There are so many aspects of WWII. The actual fighting was only one small part of it. There was manufacturing and auxiliary pilots (those that didn’t fly in the war, but ferried planes from point A to point B) and merchant ships. There were the millions of women who went to work, doing those things that men traditionally did and couldn’t. There were whole cities built to increase wartime industry. It’s been one of my goals to explore many—if not all—aspects of the war. Not long ago, I watched a movie starring Benedict Cumberbatch about Ultra, the Enigma code-breaking British machine, that played such a role during the war. With this in mind, I chose to read The Secret War: Spies, Ciphers, and Guerrillas, 1939-1945 by Max Hastings.
The Secret War explores the secret aspects of the war on both sides of the conflict. This secret war is separated into spies (HUMINT or human intelligence), cyphers (SIGINT or signals intelligence), and guerillas (partisans or underground resistance forces). Every major country in the war—United States, United Kingdom, Russia, Germany, and Japan—are included.
Basically, each side has its spies, its secret codes, its resistance fighters. A big deal was made of Ultra, but it was by no means the only code-breaker in the war or even as consistent as history (or the movie) would have you believe. Britain had its famous Double-Cross spies, the Germans caught in the U.K. forced to relay false information to Germany. One Japanese diplomat had all his correspondence read by Allies, a valuable source of information into the Axis. Russia not only had spies in Germany, but in England and the United States as well. The United States were more heavy on cyphers and SIGINT than human intelligence, while England’s famed MI6 was all about the HUMINT.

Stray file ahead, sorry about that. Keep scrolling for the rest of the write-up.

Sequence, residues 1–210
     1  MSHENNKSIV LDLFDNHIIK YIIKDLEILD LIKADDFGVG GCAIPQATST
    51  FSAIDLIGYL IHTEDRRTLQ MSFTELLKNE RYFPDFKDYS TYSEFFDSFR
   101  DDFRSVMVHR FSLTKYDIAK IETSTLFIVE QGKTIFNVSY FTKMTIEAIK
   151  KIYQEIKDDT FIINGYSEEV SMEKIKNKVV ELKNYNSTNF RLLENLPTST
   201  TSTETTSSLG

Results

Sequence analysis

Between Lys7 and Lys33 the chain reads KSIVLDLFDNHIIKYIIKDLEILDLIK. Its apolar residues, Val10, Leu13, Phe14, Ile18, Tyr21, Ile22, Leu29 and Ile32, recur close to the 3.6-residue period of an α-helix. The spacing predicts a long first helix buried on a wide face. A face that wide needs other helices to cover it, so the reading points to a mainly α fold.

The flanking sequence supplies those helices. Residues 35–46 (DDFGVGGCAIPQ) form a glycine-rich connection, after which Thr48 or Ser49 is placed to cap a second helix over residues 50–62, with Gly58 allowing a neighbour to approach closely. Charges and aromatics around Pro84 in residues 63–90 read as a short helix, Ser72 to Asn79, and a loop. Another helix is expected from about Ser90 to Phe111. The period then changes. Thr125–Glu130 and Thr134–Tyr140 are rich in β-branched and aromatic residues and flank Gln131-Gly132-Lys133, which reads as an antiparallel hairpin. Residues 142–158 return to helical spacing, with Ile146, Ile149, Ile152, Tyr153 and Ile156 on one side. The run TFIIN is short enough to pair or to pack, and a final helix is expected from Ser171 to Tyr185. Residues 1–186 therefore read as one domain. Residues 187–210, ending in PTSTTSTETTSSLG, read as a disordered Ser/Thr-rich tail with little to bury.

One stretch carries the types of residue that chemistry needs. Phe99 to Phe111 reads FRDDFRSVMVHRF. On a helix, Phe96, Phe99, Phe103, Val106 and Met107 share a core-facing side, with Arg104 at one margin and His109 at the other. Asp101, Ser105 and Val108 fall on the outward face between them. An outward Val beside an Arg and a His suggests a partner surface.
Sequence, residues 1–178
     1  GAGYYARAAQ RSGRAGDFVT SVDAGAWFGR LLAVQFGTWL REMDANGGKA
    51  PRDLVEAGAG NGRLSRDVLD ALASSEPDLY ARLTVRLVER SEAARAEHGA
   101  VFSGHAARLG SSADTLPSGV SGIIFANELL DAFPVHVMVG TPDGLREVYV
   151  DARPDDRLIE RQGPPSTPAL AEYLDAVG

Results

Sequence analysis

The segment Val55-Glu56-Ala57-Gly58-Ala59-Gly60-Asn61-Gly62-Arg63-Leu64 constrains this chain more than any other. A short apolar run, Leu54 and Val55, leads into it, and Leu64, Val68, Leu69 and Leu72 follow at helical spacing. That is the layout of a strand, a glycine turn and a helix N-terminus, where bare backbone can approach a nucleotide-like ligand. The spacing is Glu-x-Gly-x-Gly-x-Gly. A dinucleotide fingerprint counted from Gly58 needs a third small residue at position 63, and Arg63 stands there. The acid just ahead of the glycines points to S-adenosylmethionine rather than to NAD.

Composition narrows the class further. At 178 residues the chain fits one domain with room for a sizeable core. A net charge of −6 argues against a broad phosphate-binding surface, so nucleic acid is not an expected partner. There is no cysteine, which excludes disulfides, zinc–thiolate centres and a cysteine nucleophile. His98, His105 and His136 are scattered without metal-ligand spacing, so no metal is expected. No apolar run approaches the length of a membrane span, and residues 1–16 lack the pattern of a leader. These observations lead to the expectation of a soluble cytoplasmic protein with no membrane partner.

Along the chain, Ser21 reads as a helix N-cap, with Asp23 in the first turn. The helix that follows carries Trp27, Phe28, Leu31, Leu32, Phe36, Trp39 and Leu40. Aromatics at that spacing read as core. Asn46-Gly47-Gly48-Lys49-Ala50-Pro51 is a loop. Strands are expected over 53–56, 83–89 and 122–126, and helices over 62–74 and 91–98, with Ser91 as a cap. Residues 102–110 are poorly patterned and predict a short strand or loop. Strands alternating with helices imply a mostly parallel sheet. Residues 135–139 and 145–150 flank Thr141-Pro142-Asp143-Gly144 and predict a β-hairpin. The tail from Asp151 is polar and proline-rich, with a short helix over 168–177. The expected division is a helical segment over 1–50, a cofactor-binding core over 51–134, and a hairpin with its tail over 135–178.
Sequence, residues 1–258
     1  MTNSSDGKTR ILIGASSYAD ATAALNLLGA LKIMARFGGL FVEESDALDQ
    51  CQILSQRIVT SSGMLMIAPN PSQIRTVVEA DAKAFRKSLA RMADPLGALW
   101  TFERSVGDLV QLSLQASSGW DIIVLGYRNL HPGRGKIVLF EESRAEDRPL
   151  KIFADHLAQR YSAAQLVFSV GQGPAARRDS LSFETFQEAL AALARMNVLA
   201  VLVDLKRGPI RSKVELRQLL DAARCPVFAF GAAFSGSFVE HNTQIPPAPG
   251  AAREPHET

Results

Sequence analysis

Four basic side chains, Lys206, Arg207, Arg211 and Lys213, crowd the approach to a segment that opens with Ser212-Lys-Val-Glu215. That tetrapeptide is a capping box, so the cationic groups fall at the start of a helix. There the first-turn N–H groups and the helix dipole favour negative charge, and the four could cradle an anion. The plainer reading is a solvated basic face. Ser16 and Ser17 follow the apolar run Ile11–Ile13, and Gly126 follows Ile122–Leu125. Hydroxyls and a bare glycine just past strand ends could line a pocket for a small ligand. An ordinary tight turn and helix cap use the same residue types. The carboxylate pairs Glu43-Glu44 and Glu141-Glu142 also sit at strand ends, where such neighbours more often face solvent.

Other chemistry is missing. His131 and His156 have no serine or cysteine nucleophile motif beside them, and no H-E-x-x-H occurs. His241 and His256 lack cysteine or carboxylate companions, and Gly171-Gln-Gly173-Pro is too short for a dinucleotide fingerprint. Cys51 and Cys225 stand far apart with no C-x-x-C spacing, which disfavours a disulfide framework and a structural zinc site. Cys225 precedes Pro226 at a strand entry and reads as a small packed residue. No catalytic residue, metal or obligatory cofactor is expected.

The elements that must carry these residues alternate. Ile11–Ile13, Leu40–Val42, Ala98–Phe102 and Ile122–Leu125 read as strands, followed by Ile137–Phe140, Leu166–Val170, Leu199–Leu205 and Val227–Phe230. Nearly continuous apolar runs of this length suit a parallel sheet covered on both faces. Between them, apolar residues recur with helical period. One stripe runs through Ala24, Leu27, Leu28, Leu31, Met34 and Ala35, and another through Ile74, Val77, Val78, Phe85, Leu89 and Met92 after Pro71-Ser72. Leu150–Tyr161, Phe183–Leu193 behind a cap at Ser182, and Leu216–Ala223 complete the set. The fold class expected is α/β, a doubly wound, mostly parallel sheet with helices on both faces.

Basically, the secret part of the war was a huge aspect and critically important. How important is another matter, something that nobody can really say. But it did play a role.
This book gave a lot of information. Almost too much, but it was a good overview of the spies and cyphers. You could potentially have volumes of books dedicated to the secret war.
The Characters. While this book wasn’t character driven—there were far too many for that—Max Hastings did focus on some of the major players like Alan Turing, the man who cracked the Enigma code and Virginia Hall, a spy for the pre-CIA (called OSS), but he didn’t give them more credit than the deserved. Which was nice, because it’s impossible to say how much one person really contributed; spy work is a conglomeration of human intelligence. Many, many people were part of both the victories and the failures.
The Storyline. Max Hastings divided the book into the three main parts, and then went through each country’s contribution to those secret war efforts. It was told as chronologically as possible. I think probably this method of telling the story was the best because it compared different spy tactics or cypher use from country to country, giving a good idea of strengths and weaknesses.
The Writing. I’m not going to lie, it was a hard book to get in to, probably because of the density of information.
I think what I liked the most about this book was Max Hastings conclusions about secret war, culture, and triumph. You see, he pointed out that those countries with rigid political systems and cultures—socialism and communism—didn’t succeed in part because their people were not raised to take the initiative, to exchange ideas, and to give honesty because the leaders wanted none of that. Stalin refused to believe Hitler would invade until he actually did it despite how many of his spies said otherwise. Hitler refused to believe that he was failing because he refused to acknowledge the intelligence coming in that said that exact same thing. It was the free societies and capitalist economies that produced the confident people and resources necessary to win both the secret and not-so-secret war.